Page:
The Fires of Jubilee: Nat Turner’s Fierce Rebellion

Topics: Slavery in the United States, Slavery, Nat Turner's slave rebellion Pages: 4 (1502 words) Published: October 12, 2013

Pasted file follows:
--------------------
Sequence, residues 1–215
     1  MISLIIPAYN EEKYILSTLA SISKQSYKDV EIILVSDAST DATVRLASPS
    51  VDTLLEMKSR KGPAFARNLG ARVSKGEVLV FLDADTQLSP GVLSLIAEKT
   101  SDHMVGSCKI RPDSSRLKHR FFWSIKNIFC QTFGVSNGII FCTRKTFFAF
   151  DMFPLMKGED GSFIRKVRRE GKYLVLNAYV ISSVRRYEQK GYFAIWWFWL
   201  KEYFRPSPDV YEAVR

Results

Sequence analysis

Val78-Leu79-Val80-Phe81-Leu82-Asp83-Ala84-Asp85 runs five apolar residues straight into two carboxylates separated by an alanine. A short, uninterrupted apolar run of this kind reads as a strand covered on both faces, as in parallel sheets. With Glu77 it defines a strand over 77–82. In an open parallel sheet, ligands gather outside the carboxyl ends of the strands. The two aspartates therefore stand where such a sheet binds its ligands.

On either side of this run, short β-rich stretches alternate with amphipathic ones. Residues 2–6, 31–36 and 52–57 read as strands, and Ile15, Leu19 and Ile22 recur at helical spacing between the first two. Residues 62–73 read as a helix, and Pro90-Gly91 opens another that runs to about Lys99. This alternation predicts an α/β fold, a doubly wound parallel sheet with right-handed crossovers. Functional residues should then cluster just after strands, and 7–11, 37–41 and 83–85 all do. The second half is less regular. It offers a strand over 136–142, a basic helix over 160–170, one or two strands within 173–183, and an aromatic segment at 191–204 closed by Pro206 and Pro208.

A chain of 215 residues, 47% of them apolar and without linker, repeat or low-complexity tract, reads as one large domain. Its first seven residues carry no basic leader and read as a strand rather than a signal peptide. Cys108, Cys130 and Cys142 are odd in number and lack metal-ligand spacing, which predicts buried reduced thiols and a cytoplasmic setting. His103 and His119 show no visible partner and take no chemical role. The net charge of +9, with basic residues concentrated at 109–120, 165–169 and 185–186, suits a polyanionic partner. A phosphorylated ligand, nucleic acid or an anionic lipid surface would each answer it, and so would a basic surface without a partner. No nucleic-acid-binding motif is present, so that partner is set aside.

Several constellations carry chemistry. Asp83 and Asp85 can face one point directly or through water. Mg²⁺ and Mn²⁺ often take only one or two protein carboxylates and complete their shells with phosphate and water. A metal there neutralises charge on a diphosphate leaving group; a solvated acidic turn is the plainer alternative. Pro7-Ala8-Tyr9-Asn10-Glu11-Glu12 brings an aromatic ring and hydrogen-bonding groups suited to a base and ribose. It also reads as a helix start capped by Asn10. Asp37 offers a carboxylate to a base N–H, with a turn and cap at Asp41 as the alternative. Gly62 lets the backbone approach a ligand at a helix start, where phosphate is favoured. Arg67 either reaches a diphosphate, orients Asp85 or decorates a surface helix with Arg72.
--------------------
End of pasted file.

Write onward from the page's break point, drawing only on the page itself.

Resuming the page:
The Fires of Jubilee: Nat Turner’s Fierce Rebellion, a book written by Stephen Oates is about a slave insurrection led by Nat Turner in 1831. The United States was still a very young and vulnerable country in the early 19th century. Slavery was seen as an essential part of the economy and the American experience. Stephen Oates compares the differences between Southern and Northern slaves. In the Deep South blacks where assaulted, publicly humiliated, murdered and lynching’s were all part of daily life. In comparison to Southampton, Virginia the slaves here enjoyed additional independence and privileges. Oates describes a setting in Antebellum Southampton County where whites took pride in how “well” they treated blacks. Here a slave, Nat Turner would be born on October 17, 1800 who would be forced to stand up and fight for justice. Nat Turner would lead a bloody revolt and become a hero changing the lives of blacks and whites forever. He was hero in the eyes of some and a murderer in view of others, but what is a hero? A Hero is “a man of distinguished courage or ability, admired for his brave deeds and noble qualities” (Dictionary.com) Oates explains how a boy slave who was treated “well”, and was educated, would ultimately rebel for freedom of himself and his people, but in the process would cause the lives of many. According to Oates, Virginians in Old Dominion took special pride in how “well” they treated their black slaves. Virginians often were kind enough to bring slaves to their churches with them on Sunday. Here the slaves were privileged enough to preacher’s sermon. However, this benefit and freedom was allowed under certain terms. Blacks would sit (if there were no whites standing) in the back pews or in the balcony. Blacks would never sit in the front or center with their white masters. The gracious efforts of Southampton’s whites were continued on display Sunday afternoon. It was common for masters to allow blacks to visit family and...
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